Where 80 percent to 90 percent of state and local government employees get paid sick leave, health insurance and life insurance, and 90 percent receive pensions, that is true of only 59 percent to 71 percent of workers in the private sector.
These disparities suggest that government work is becoming a sweet deal for those who can get it, which may explain why government has begun to crush the private sector that has to carry the government on its back.
Consider. Between 2000 and 2010, U.S. manufacturing, backbone of the nation, lost 5.7 million jobs, one-third of all the manufacturing jobs America had. But government employment rose that same decade by 1.9 million jobs to 22 million, with three-fourths of the new workers being added to local government payrolls.
States like California, whose public employees are among the best paid in the nation, are the states closest to chapter 11. Their last, best hope to close their deficits is a U.S. taxpayer rescue a la Fannie, Freddy, GM and AIG. But do the states merit a taxpayer bailout if their crises come out of their own continuing profligate ways?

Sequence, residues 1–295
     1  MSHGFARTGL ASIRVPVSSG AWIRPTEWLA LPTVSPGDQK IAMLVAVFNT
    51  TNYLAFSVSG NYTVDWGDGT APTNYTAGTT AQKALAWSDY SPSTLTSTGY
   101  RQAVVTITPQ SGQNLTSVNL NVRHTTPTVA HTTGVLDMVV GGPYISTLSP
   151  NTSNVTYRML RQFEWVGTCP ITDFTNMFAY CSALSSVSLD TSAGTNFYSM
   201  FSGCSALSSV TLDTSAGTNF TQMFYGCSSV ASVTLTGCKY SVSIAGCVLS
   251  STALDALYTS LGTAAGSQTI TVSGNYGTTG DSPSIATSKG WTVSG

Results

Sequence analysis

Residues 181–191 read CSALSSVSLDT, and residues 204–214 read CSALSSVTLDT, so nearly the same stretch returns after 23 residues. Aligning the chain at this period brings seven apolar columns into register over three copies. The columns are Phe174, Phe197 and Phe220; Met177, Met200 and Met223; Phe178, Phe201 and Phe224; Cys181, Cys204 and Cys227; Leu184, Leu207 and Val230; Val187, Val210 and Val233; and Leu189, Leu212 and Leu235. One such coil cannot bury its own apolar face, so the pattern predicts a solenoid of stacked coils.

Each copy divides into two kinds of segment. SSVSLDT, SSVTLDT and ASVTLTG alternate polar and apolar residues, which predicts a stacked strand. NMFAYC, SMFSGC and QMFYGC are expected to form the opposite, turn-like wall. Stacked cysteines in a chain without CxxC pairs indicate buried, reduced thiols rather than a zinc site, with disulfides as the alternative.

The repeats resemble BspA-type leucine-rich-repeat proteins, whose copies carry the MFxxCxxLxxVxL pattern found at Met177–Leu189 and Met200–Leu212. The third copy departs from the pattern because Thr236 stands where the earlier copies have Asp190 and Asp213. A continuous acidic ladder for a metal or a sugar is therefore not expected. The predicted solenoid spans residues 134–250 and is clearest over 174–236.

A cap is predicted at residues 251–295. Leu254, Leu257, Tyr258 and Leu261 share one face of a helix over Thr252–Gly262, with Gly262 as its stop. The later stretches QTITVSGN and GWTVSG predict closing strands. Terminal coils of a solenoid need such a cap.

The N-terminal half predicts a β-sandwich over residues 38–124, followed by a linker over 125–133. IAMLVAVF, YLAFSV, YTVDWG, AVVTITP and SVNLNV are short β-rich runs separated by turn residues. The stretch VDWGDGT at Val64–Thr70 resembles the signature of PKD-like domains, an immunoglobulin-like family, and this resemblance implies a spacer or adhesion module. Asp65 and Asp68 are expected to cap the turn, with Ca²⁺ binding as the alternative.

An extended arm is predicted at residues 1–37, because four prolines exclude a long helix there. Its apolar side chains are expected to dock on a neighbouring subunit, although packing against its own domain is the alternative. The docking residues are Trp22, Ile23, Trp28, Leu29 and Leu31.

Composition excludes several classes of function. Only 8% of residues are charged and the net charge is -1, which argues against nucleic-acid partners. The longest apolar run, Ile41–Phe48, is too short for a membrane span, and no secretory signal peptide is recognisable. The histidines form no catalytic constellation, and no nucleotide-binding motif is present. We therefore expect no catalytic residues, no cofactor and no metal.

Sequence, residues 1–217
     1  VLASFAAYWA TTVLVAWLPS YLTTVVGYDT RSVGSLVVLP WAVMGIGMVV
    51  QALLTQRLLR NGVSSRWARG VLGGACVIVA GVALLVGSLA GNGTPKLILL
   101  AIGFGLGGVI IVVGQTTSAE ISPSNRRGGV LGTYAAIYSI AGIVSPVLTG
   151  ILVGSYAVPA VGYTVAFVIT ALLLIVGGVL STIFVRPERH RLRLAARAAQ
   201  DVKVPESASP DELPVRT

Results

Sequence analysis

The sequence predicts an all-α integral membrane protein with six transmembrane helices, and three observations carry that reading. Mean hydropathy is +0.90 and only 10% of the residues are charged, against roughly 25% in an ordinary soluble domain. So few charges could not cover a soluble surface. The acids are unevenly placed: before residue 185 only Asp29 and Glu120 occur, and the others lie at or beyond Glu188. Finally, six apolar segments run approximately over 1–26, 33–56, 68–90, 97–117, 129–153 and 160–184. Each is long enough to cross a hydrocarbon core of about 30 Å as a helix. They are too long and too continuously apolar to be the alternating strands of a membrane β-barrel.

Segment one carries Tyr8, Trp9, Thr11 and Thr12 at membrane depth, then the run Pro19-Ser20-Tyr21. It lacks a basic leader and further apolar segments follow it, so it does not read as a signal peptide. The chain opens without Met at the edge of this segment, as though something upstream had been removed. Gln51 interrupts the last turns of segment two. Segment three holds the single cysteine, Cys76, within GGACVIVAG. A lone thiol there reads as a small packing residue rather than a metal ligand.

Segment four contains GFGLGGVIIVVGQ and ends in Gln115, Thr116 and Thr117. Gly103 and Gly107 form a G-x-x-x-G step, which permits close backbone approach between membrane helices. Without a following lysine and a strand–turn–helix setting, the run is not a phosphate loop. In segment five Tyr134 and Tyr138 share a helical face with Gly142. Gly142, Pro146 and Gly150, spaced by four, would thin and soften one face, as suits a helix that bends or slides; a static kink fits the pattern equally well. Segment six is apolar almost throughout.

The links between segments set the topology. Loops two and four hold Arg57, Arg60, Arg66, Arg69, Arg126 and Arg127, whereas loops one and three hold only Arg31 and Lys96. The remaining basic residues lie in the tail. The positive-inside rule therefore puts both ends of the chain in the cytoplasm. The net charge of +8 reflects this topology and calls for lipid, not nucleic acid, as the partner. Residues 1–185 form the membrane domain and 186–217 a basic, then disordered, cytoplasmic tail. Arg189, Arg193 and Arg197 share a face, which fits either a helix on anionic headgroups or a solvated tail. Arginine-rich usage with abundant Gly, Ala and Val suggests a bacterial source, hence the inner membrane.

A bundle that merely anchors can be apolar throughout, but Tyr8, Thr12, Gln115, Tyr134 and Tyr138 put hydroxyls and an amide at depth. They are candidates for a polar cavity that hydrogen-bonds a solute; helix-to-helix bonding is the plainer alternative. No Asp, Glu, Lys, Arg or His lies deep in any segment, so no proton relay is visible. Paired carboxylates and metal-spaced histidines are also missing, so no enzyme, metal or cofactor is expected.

"Public sector workers ... can typically retire at age 55 after 30 years of service, as in California's CalPERS system. In CalPERS, workers receive an annual pension equal to 60 percent of final salary after 30 years. Public safety workers in CalPERS can retire at age 50 after 30 years of work with benefits equal to 90 percent of their final salary.
"In California, there are 6,144 retired public employees in the CalPERS plan and 3,090 retired teachers in the state teachers' plan receiving annual pension benefits of more than $100,000."
And folks wonder why California is bankrupt. Should middle-class Americans be forced to subsidize $100,000-a-year pensions for middle-aged California retirees?
Yet, Barack Obama, Nancy Pelosi and Harry Reid, in that $787 billion stimulus bill, shoveled billions of federal tax dollars into California to pay salaries, pensions and health benefits of Californians who have been paid more than private-sector workers all of their lives. Where is the fairness here?
Not another federal dime should go out to any state government whose employees receive more in pay and pensions than the average worker in that state or the other 49.
As for the U.S. government, Republicans should call for a one-year freeze on federal salaries and a two-year freeze on congressional salaries. If sacrifices are to be made, the people who had a fat decade at taxpayers' expense should make them sacrifice, not a ravaged private sector that has contributed almost all of the conscripts to today's 15-million-man army of the unemployed.